PLC I/O addressing is the process of locating and correlating with the inputs and outputs connected to the PLC. This is commonly done via I/O modules, which are actual physical objects having interfaces to other CPUs and I/O devices.
In PLCs, various I/O addressing techniques are employed such as:
1. Direct addressing
Direct addressing is a method for explicitly stating the memory location in the instruction in Programmable Logic Controller (PLC) software. The PLC program reads or writes data to a specific memory area using direct addressing without requiring a symbolic name or variable.
Direct addressing uses an address, such as a numeric or hexadecimal integer, to identify the memory location. For instance, the instruction to load data from memory location 100 would be LD 100. Similar instructions would be sent as OUT 200 to write data to memory address 200.
Direct addressing allows the PLC program to easily access a specific memory location without the need to define and use a variable or symbolic name. However, especially if the program utilise a lot of memory, it might make the PLC program harder to comprehend and maintain.
2. Indirect addressing
A Programmable Logic Controller (PLC) program can access data memory by using indirect addressing, which uses a symbolic name or variable to represent the memory location. By using a symbolic name or variable to imply a memory location, indirect addressing enables a PLC program to read from or write to that place.
The symbolic name or variable specifies the place in memory where the requested data is stored via indirect addressing. For instance, the instruction to load data from memory position 100 would be represented as LD Temp if memory location 100 is specified as the symbolic name “Temp” points to. Similar instructions might be written as OUT Temp, which would tell the computer to write data to the “Temp”-designated region in memory.
Indirect addressing is useful when a PLC programme has to access a dynamic memory location that could change while the programme is running or when there are too many memory locations to address individually. The PLC programme is also made simpler to understand and maintain by symbolically naming or defining memory locations in place of literal names or variables.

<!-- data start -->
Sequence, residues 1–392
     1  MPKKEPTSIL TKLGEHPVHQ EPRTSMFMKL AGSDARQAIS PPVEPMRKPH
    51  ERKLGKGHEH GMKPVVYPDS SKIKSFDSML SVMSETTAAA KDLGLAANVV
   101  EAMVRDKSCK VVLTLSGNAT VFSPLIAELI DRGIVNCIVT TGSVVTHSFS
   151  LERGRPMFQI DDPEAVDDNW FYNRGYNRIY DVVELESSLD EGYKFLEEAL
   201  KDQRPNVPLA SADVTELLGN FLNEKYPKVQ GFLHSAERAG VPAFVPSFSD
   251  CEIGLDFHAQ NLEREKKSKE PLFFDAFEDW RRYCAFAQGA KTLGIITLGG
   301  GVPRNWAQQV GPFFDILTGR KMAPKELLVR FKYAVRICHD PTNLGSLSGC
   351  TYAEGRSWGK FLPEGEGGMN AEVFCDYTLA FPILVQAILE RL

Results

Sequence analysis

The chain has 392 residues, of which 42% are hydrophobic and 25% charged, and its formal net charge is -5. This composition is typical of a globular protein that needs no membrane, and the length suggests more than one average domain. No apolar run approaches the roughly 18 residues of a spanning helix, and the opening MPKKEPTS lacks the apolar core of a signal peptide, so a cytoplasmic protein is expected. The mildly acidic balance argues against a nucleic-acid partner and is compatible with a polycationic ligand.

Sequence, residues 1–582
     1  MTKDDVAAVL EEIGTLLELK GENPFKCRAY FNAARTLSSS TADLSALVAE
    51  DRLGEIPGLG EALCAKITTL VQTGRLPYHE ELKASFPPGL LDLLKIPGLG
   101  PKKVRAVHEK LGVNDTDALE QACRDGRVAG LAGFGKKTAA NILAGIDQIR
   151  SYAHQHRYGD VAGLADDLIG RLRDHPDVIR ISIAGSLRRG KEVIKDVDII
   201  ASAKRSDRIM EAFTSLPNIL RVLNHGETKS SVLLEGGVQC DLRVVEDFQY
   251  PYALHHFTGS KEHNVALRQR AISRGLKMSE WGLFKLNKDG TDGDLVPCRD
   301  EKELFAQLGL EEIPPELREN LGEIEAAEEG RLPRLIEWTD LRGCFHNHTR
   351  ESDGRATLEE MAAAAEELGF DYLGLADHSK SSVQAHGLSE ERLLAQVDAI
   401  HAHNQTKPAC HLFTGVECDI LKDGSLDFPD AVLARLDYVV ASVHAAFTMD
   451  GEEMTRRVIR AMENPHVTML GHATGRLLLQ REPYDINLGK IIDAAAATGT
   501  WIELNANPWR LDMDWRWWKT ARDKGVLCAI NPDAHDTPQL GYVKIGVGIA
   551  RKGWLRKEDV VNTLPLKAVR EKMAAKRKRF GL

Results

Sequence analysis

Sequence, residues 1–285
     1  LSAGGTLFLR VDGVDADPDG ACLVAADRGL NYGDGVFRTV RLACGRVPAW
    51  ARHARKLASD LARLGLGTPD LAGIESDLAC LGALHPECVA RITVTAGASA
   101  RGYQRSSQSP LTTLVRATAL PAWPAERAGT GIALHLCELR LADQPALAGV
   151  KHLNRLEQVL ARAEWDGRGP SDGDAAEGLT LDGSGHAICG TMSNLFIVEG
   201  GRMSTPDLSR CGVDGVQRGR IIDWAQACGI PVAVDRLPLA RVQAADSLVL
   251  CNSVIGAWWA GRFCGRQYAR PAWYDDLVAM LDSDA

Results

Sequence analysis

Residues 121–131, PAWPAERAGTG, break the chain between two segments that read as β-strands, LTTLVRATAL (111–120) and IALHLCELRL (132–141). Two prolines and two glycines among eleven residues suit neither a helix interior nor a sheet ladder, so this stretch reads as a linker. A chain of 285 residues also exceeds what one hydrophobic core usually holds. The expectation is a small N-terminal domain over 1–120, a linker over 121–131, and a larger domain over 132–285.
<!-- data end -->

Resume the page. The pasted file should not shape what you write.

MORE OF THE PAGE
Indirect addressing is typically used in complex PLC program or in areas of systems with expandable or flexible memory locations. Additionally, it is used in conjunction with indexing, allowing a variable to point sequentially to several memory areas.
3. Symbolic addressing
Symbolic addressing is a technique used in Programmable Logic Controller (PLC) software to access data memory by designating a particular memory region by a symbolic name or label. The PLC programme can read from or write to a memory region by referring it by its name or label instead of by its physical address.
In symbolic addressing, a memory location, such as a variable, timer, or counter, is given a name or label. The symbolic name or label, rather than the actual memory location, is then used by the PLC programme to read or write data to the memory region. For instance, data from a memory address named “Speed” may be loaded with the instruction LD Speed. The command to write data to the memory address “Temperature” would be represented as OUT Temperature.
Symbolic addressing makes PLC programmes simpler to understand and maintain by using descriptive names or labels rather than numbers or hexadecimal values to represent memory locations. Additionally, the PLC programme may be changed more quickly since memory regions can now be referred to by name rather than by physical address.
Symbolic addressing is widely used in PLC programmes when readability and maintainability are essential, such as in large or complicated programmes or in systems that need frequent change. Symbolic addressing can be slower than direct addressing because the PLC must first search up the physical memory address of the symbolic name or label before it can access the memory location.
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